Life with a Mustang has been different than anything I've ever experienced. In the beginning, they're vulnerable--but not because they've been abused, instead it's because they don't know what humans want from them. They're a wild animal--not like a colt born on a ranch who hasn't been handled much, but like a deer or an elk. They're proud--like only a horse who was born running with a wild herd over thousands of acres can be proud.

In the end, they're a horse, too--and have so much in common with the domestic horses in my herd. If you'd seen me out grooming Beautiful today, you wouldn't have guessed she was any different than the others. She's quiet, calm, respectful, and comfortable with human contact. But I know--and I think she knows--there's a difference.

Working with a Mustang probably does different things for different people. In my case, it brought me back into the world of emotions with my horses. If Beautiful could be vulnerable, I could be vulnerable and open my heart to a horse even though they'd taught me how fragile they can be and how easy they are to lose. If Beautiful could be courageous, I could step up and face my fears--many of which centered around working with a wild horse.

Beautiful Girl has taught and continues to teach me many things--I'm very thankful I got a little crazy that day, listened to that BLM volunteer, and adopted a Mustang.



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After this post, I'll be on a little bit of a blogging hiatus as I pursue a few projects, spend time with my herd--dogs and cats included--and prepare for the holidays. I hope all of you have a wonderful fall with your horses!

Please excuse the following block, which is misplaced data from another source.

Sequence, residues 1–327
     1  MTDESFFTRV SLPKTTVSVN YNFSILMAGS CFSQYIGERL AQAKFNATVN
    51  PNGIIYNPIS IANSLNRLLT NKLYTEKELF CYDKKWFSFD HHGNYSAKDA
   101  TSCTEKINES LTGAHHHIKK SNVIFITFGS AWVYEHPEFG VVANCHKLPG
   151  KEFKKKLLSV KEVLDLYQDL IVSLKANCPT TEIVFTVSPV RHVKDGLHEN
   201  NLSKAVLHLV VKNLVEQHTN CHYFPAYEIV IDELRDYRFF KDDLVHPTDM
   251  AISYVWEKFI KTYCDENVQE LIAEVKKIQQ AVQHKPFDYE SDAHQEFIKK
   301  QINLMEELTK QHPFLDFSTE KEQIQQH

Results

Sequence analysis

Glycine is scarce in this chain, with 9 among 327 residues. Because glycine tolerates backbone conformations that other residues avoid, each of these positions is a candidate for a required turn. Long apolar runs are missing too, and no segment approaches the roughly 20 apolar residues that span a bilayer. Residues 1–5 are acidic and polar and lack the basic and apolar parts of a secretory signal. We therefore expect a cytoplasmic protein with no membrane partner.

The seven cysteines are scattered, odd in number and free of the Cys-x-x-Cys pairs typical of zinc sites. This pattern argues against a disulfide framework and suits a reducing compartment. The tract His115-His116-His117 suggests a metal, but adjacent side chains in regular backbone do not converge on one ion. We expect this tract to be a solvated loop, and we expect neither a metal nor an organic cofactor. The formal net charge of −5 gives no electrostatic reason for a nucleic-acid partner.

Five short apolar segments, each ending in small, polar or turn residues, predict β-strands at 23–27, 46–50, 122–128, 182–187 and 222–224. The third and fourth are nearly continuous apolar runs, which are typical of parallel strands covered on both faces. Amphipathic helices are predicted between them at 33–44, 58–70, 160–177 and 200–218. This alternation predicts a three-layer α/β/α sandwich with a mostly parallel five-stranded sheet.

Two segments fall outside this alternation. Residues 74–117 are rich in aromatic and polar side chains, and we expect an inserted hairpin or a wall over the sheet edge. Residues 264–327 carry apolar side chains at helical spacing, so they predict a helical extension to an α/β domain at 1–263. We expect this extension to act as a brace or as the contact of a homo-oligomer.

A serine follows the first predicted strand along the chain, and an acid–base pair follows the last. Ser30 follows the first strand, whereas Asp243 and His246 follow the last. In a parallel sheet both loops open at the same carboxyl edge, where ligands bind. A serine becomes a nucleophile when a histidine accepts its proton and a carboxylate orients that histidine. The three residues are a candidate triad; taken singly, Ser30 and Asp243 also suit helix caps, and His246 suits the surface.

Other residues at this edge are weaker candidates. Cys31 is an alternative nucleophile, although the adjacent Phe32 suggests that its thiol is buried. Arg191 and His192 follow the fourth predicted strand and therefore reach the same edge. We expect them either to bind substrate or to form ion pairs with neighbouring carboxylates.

19 comments:

  1. I just started reading and what a perfect post for me to read first! Such an interesting story as I have never known anyone who has adopted a mustang. I can't wait to read more!

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  2. I've enjoyed following Beautiful's journey, every step of the way. She is different from the others somehow, no doubt. Maybe it has something to do with that courage she's had to summon so many times. When I see that picture of her glossy eye, it reminds me of my cat. She was in the humane society for over 4 months and had pretty much stopped visual contact when we adopted her. Now those eyes shine with mischief!

    Enjoy your hiatus, Linda, and your projects too. Happy trails to you :)

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  3. Ashley--thanks--hope you enjoy the posts. The ones about her early days of adoption are during the first year of the blog in the archives.

    Joanne--I think you're right--Mustangs experience trauma during their roundup--especially the youngs ones who are separated from their mothers. Even domestic horses are quite stressed when they're weaned from the mares. My first colt cried for two days while his mother, who was on the same property, called over to him. Sometimes the stress will cause them to get a little sick with whatever's going around. So, I can't even imagine what it's like for a wild herd to be run through the desert by helicopter--into pens--separated from their mothers and hauled by semis to holding pens and then by semis again to public adoptions. I do think it's harder on the younger ones and a miracle that they survive it. (Some don't.)

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  4. Thank you for sharing this with us. I still look at my mustang, Ranger, with surprise at what he has given me over the years. He was 9 or 10 when he was brought in, and pretty set in his ways, but after 11 years, he's getting used to his new life.
    Bill

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  5. I love the way you described Mustangs - as an animal. I'm always telling people that they are wild animals first, horses second. They have an innate, hard-wired survival instinct that humans cannot comprehend, yet they are trusting and loving creatures. I am so glad Fate took a hand and you are now enjoying the splendor or these marvelous creatures. Fate employed herself with us, also. We didn't intend to buy 'wild animals', but wouldn't trade them for any other now! When that bond develops, they will do whatever they can to protect you also. Enjoy your journey.